Newly discovered ransomware uses BitLocker to encrypt victim data

Previously unknown ransomware called ShrinkLocker encrypts victims’ data using the BitLocker functionality built into the Windows operating system.

BitLocker is a full-featured volume encryptor that debuted in 2007 with the release of Windows Vista. Users use it to encrypt entire hard drives to prevent users from reading or modifying data if the disk is physically accessed. Since the rollout of Windows 10, BitLocker has used the 128-bit and 256-bit XTS-AES encryption algorithm by default, giving the feature additional protection against attacks that rely on manipulation of ciphertext to cause predictable changes to the plain text.

Recently, researchers at security firm Kaspersky discovered a threat actor using BitLocker to encrypt data on systems located in Mexico, Indonesia, and Jordan. Researchers named the new ransomware ShrinkLocker, both for its use of BitLocker and because it reduces the size of each unbootable partition by 100 MB and divides the newly unallocated space into new primary partitions of the same size.

“Our incident response and malware analysis prove that attackers are constantly refining their tactics to evade detection,” the researchers wrote Friday. “In this incident, we observed abuse of the native BitLocker functionality for unauthorized data encryption.”

ShrinkLocker is not the first malware to exploit BitLocker. In 2022, Microsoft reported that ransomware attackers with a connection to Iran were also using the tool to encrypt files. The same year, Russian agricultural company Miratorg was attacked by ransomware that used BitLocker to encrypt files residing in the system storage of infected devices.

Once installed on a device, ShrinkLocker runs a VisualBasic script that first calls the Windows Management Instrumentation class and Win32_OperatingSystem to obtain operating system information.

“For each object in the query results, the script checks whether the current domain is different from the target,” Kaspersky researchers wrote. “If so, the script ends automatically. After that, it checks if the operating system name contains “XP”, “2000”, “2003” or “Vista”, and if the Windows version matches any of them, the script ends automatically and is deleted.

A screenshot showing the initial execution conditions.
Enlarge / A screenshot showing the initial execution conditions.


The script then continues to use WMI to query information about the operating system. It then performs disk resizing operations, which may vary depending on the OS version detected. The ransomware performs these operations only on fixed local disks. The decision to leave network drives alone is likely motivated by a desire not to trigger network detection protections.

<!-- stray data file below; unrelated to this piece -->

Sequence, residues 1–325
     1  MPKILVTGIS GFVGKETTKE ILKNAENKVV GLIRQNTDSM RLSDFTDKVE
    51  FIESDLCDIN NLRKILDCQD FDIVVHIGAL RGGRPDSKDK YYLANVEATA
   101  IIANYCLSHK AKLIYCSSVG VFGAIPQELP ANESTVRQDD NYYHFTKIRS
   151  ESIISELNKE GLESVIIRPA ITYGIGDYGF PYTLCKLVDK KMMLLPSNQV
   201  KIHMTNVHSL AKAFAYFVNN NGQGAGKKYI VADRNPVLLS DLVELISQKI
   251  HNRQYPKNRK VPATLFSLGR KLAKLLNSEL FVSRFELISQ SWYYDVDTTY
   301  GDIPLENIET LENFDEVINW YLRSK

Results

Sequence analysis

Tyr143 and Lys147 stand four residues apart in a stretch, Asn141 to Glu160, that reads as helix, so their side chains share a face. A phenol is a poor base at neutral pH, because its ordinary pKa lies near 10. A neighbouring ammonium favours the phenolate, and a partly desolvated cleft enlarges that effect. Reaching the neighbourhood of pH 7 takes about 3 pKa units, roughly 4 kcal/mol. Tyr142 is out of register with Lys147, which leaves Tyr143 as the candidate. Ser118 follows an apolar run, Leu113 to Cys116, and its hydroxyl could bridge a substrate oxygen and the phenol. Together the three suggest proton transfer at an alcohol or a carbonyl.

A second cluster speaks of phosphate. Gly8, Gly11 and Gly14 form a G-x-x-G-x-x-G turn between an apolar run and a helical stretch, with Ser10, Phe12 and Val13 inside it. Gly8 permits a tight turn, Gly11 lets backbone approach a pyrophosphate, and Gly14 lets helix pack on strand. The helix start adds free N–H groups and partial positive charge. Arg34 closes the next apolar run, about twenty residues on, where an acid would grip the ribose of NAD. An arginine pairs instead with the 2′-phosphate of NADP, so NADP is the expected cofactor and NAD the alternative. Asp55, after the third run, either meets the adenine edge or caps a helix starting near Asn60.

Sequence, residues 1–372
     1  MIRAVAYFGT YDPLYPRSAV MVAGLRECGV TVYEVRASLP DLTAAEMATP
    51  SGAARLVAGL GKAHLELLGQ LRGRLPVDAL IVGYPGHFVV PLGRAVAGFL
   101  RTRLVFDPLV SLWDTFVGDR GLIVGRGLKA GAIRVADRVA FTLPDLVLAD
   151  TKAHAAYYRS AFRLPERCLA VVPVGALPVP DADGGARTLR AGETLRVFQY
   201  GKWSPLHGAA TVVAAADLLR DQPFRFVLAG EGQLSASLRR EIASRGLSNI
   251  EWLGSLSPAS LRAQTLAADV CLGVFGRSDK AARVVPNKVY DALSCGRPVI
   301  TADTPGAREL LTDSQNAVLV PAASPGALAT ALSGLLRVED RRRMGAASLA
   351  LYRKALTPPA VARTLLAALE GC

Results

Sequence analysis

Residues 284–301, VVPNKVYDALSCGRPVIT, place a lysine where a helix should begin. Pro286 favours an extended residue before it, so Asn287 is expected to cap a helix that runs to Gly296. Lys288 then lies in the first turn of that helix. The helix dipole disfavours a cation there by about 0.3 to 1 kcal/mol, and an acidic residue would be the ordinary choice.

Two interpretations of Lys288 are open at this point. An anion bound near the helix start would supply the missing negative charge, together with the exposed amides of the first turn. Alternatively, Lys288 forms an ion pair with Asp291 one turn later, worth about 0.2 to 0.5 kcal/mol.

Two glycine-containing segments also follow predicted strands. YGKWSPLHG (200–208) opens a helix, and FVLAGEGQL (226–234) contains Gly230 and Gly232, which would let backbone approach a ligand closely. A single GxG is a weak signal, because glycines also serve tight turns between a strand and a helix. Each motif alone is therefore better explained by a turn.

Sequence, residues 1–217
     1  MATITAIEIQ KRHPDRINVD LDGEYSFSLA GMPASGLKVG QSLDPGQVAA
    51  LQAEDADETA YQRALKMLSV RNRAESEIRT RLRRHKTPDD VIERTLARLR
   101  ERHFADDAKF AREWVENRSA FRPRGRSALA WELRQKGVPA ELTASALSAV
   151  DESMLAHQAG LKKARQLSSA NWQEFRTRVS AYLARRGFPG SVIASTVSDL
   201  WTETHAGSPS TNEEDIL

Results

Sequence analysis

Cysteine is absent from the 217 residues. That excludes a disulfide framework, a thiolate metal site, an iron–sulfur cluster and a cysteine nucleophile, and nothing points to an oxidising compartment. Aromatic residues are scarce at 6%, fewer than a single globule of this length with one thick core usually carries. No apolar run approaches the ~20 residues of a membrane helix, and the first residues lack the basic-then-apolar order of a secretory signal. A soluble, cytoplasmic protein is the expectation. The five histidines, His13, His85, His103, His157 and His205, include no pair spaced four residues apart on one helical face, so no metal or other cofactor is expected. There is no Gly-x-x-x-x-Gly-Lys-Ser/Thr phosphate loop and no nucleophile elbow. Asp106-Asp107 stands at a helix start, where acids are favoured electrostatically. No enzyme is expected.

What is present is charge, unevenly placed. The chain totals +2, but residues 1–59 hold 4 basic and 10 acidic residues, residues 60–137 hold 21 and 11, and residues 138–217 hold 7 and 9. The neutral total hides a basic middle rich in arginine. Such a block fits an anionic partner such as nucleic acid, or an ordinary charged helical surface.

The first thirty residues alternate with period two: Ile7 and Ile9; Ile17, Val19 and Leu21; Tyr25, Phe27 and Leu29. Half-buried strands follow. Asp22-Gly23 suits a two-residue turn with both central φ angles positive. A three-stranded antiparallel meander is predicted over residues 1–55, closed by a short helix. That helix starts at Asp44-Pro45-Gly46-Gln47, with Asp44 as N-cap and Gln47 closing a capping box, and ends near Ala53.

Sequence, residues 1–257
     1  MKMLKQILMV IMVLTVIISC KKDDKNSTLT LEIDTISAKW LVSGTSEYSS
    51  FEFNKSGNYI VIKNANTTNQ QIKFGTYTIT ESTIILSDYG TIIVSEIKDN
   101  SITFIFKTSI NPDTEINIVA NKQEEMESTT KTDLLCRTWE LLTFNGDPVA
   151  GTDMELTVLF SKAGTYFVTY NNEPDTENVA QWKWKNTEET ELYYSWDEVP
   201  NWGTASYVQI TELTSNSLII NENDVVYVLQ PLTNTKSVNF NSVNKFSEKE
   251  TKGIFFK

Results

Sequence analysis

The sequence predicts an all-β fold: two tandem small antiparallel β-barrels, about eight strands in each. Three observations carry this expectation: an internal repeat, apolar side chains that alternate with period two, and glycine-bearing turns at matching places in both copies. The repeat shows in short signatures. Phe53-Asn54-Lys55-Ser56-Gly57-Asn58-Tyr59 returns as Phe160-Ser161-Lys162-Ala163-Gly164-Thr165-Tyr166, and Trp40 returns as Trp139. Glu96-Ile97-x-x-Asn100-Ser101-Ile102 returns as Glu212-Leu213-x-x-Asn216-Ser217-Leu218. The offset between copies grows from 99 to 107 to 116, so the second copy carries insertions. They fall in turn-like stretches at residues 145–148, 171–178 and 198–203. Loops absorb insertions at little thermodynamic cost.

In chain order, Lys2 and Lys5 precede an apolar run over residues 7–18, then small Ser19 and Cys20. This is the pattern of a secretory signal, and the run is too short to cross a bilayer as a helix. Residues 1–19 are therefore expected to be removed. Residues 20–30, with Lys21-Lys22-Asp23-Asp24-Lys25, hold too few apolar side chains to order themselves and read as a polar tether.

Eventually, ShrinkLocker disables protections designed to secure the BitLocker encryption key and removes them. It then allows the use of a numeric password, both as protection against anyone regaining control of BitLocker and as an encryptor of system data. The reason for removing default protectors is to disable key recovery features by the device owner. ShrinkLocker then generates a 64-character encryption key using random multiplication and replacement of:

  • A variable with the numbers 0 to 9;
  • The famous pangram “The fast brown fox jumps over the lazy dog”, in lower and upper case, which contains all the letters of the English alphabet;
  • Special characters.

After several additional steps, the data is encrypted. The next time the device restarts, the display will look like this:

Screenshot showing the BitLocker recovery screen.
Enlarge / Screenshot showing the BitLocker recovery screen.


Decrypting disks without the attacker-provided key is difficult, if not impossible in many cases. Although it is possible to recover some passphrases and fixed values ​​used to generate the keys, the script uses different variable values ​​on each infected device. These variable values ​​are not easy to recover.

There is no protection specific to ShrinkLocker to prevent successful attacks. Kaspersky advises the following:

  • Use robust, properly configured endpoint protection to detect threats that attempt to abuse BitLocker;
  • Implement managed detection and response (MDR) to proactively analyze threats;
  • If BitLocker is enabled, make sure it uses a strong password and that recovery keys are stored in a secure location;
  • Make sure users have minimal privileges. This prevents them from enabling encryption features or modifying registry keys themselves;
  • Enable network traffic logging and monitoring. Configure logging of GET and POST requests. In the event of an infection, requests to the attacker’s domain may contain passwords or keys;
  • Monitor events associated with VBS execution and PowerShell, then save logged scripts and commands to an external repository storing activity that can be deleted locally;
  • Take frequent backups, store them offline, and test them.

Friday’s report also includes metrics that organizations can use to determine if they have been targeted by ShrinkLocker.

Listing image by Getty Images

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